Daniele Gatti (Italy)
White refuses to play the tempting 1. Rxg5+? , which would only lead to a draw after 1. … Ke6 2. Re5+ Kxe5 3. Bg3+ Kd5 4. Bxh2 Kc6 (and fortress is built).
1. … Kf5 2. Bxh2!
2. Rxg5+? Kxg5! = positional draw
The (apparently) most powerful White piece disappears, leaving in play only a distant a-file pawn and a wrong-squared Bishop substaining it. Again, capturing the g5 pawn with check would have been tempting, instead of sacrificing the Rook without apparent compensation; but White foresees that capturing the pawn would prevent his King coming into play later.
3. Kg6 Kf3! 4. Kf5! g4
secondary line 4. … Ke3 5. Ke5! Kd3 6. Kd5! Kc3 7. Kc5! Kb3 8. a5! Ka4 9. Bc7! +-
White refuses to capture the passed pawn, for the same reasons above. Black obviously tries to push it forward, to create some threats.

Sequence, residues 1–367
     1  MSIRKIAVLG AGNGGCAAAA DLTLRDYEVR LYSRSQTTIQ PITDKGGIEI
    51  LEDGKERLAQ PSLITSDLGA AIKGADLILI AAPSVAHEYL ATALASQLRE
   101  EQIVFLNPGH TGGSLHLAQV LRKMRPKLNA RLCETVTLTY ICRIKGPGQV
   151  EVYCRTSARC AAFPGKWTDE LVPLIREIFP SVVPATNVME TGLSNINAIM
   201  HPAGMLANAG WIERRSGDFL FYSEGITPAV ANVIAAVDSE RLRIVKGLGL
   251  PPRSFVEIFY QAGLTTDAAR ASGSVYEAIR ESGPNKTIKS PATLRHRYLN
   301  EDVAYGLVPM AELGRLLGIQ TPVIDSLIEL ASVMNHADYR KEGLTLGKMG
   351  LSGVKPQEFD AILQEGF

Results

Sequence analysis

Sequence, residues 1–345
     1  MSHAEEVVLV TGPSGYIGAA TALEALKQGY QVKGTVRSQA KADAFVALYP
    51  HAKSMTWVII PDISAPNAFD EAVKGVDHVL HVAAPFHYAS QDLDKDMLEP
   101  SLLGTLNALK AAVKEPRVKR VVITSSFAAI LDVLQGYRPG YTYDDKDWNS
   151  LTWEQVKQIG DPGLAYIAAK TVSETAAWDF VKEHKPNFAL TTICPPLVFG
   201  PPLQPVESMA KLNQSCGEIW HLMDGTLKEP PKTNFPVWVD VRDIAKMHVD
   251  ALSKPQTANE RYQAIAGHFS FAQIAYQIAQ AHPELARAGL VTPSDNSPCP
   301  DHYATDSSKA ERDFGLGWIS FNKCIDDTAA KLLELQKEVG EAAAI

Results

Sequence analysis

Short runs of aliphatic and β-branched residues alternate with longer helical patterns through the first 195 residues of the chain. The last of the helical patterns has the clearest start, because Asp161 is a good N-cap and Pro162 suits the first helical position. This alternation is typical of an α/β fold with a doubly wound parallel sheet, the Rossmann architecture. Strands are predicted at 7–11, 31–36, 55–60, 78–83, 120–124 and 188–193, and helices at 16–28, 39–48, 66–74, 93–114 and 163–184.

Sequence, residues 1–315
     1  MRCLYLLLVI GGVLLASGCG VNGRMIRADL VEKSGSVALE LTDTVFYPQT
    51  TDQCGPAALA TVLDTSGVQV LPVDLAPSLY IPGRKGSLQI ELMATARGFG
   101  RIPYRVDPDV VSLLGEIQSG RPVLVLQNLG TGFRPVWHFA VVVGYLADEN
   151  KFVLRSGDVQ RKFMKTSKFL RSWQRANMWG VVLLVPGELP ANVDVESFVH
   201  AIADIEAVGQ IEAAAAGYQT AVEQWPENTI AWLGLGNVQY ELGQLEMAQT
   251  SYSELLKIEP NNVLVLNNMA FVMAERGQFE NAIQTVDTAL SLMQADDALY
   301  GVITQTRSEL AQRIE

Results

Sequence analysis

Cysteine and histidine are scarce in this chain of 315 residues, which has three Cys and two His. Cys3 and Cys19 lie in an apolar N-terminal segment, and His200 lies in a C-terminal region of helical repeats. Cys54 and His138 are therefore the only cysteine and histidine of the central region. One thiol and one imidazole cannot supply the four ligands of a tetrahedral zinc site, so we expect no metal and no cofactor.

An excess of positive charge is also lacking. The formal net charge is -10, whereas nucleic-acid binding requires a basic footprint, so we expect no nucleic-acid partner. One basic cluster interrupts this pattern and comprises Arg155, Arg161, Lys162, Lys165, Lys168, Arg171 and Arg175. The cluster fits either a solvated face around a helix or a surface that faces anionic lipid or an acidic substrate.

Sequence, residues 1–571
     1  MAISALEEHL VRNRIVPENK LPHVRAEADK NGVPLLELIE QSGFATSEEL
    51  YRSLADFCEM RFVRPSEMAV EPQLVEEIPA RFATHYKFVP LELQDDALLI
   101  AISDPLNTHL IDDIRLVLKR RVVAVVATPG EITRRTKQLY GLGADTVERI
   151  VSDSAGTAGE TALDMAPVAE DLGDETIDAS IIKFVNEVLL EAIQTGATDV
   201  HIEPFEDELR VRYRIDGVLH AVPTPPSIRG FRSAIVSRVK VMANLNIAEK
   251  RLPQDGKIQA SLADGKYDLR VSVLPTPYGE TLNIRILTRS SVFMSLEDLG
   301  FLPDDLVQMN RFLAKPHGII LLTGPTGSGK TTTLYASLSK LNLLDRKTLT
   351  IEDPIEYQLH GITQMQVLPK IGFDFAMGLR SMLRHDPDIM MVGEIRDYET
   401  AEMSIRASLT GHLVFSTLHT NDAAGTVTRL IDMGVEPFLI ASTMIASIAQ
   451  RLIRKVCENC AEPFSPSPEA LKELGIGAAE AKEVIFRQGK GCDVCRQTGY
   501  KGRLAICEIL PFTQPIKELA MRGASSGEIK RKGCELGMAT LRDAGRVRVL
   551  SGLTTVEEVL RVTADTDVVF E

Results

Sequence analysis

5. a5! a6
This is the only and perfect moment for a waiting move, that will allow White to maintain opposition.
6. Ke5? g3! 7. Bg1 Ke2! = positional draw)
6. Bg1? Ke2! = positional draw
6…g3 7. Bg1!
7. Bxg3? Kxg3! 8. Kxe7 Kf4 9. Kd6 Ke4 10. Kc6 Kd4 11. Kb6 Kd5! 12. Kxa6 Kc6! = positional draw – An untimely Bishop sacrifice would be a mistake. Black King could retreat quickly enough to reach his safety a8 square.
7… Ke4 8. Kxe7 Kd5 9. Kd7 Kc4 10. Kc6 Kb4 11. Kb6 +-
Always mantaining opposition, White has successfully eliminated the Black passed pawn on e-file without losing control of the light squares. This is possible thanks to the Bishop g1, which controls c5 square, so the opponent is forced to lose a tempo passing through c4. This is enough for White to reach and defend his a-pawn, while Black has failed to reach his fortress.